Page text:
And then you have conversion.  This is a major failing with many date modules.  Either they have no solution whatsoever, or they offer you a way to convert a string to a date, but only if you know the format ahead of time.  One of the main reasons I want a quick, easy date solution is to have scripts that can accept a command line argument that represents a date.  I don’t want to have to constrain my user to one particular date format.  I want them to put in whatever they want and the script Just Works.  This is not necessarily an easy thing to do, granted.  But what frustrates me is that there are good, standard, accepted solutions to this problem out there.  I’ve been using at least two of them for years and years.  And yet, most date modules ignore this problem, apparently in the hopes that it will go away.

As long as we’re dreaming, there’s two more things I want out of a perfect date module:

  • Implementation: The internal storage of the date should make it easy to convert to other modules.
  • Interface: The interface offered by the module should make it easy to do the most common things.
Both of these are subjective, of course.  But the point is, even a “perfect” date module can’t do everything, and so we’re going to need to pass around dates to other modules, maybe even to other languages, and we need an easy, standard format to do that.  On top of that, simple things should be simple, and hard things should be possible.  This is Perl, after all.

Now, that’s a whopping nine things I want out of a module, and that’s a lot.  So I better be willing to give something up.  And I am.

  • No Historical Dates:  In 19 years as a Perl programmer, I have never—not once!—needed to work with a date that couldn’t be represented in epoch seconds.  I know some people out there need that.  I’m sure there are ... umm ... Perl-programming historians, I guess? ... that need to store the date (and time?) that the Magna Carta was signed, or the span of the Ming Dynasty, or the rule of Ramesses II, or what have you.  If my module can’t be used to solve those problems, I can live with that.
  • Limited Timezone Support:  I can live without support for arbitrary timezones.  I’m willing to be satisfied with two timezones: UTC, and whatever timezone I happen to be in.  If you think about it, this is exactly what’s built into Perl itself: gmtime and localtime.

Now that I know what I want, and what I’m willing to give up to get it, let’s look at why none of the existing date solutions in Perl—many of which are excellent modules, don’t get me wrong—are just not cutting it for me.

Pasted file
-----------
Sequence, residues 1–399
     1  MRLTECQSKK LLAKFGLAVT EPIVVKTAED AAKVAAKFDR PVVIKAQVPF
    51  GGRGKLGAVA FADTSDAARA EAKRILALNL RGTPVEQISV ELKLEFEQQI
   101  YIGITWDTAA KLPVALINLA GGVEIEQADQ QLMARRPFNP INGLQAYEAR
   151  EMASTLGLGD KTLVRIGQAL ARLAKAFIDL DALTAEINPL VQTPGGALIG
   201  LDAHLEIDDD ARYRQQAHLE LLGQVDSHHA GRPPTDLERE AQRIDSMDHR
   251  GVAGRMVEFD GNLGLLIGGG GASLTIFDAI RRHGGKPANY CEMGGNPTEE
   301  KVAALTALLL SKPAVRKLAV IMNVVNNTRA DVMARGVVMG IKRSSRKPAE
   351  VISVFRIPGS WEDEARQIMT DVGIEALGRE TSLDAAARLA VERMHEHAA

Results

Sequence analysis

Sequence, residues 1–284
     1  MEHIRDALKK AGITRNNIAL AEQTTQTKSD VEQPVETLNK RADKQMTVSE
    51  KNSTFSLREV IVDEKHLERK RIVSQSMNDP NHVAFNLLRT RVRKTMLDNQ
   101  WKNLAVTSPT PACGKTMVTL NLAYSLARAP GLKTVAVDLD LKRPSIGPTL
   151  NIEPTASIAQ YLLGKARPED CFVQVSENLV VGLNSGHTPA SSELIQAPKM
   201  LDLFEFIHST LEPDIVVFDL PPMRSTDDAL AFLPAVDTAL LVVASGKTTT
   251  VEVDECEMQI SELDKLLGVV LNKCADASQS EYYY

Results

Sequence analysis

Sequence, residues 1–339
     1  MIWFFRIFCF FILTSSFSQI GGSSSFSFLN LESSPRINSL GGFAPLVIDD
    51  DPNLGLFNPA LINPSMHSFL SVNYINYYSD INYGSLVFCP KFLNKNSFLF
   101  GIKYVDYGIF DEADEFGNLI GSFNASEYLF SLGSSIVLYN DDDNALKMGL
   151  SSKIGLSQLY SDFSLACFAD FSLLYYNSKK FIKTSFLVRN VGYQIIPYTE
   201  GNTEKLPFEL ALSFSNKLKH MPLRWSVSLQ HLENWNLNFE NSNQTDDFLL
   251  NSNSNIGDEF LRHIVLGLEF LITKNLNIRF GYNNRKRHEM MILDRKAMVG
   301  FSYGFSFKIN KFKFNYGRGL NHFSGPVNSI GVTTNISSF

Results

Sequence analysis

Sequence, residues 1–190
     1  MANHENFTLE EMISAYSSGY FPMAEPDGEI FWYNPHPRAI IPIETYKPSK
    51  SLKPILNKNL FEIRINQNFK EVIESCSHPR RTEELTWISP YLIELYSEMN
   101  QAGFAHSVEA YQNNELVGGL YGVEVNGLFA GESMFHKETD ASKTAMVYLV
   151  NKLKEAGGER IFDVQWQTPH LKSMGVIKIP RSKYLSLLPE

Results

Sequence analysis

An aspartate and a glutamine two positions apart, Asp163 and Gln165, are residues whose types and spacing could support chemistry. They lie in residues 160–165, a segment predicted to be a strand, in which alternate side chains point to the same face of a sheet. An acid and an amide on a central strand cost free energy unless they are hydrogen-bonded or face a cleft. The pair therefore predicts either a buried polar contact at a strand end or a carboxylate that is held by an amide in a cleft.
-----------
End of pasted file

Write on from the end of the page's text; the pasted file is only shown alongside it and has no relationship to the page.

Date::Manip One of the oldest of the Perl date Swiss army knives, Date::Manip has a lot going for it: conversion is its specialty, it’s chock full of functionality, it deals with epoch seconds, which makes it a win in terms of both implementation and immutability, and the interface isn’t completely awful.  Unfortunately, I have to ding it a bit on stability, since it was recently rewritten from scratch and it broke a lot of backwards-compatibility.2  Certainly it was stable up to that point though.  Its big problems, however, are that it’s slow and bloated.  No options for truncation either.

DateTime DateTime was supposed to be the answer to all our problems.  And it is, in many ways.  The interface is very nice, for most things, and the functionality is top-notch.  Its implementation is not particularly standard ... except that it’s managed to make itself into the new standard, so I will give it full marks there despite that.  The stability is excellent.  It makes an effort at truncation, but that effort is often not quite workable, mainly because of its biggest problem: it’s mutable.  Some methods, sometimes, change the underlying values.  That’s bad.  On top of that, it’s slow, and bloated.  I used to say that DateTime was almost as big as Date::Manip, but I checked just now and it’s actually surpassed it, even loading Date::Manip’s object-oriented module: DateTime is about 15% bigger than Date::Manip::Date.3  But probably my biggest gripe with DateTime is that it doesn’t address conversion at all.  If you want to convert human-readable dates to DateTime, you have to write your own parser class ... not meaning that you have to write an actual parser, of course, but you have to write a separate little class, and you have to be able to predict the format in advance.  Since conversion is often literally the only thing I need to do with a date, this is an Epic Fail as far as I’m concerned.

DateTime::Moonpig I was introduced to DateTime::Moonpig by MJD’s article in the 2013 advent calendar.  DateTime::Moonpig fixes the mutability problem with DateTime.  Unfortunately, it doesn’t fix any of the other problems.  (Update from comments: DateTimeX::Immutable is another module that does what DateTime::Moonpig does.)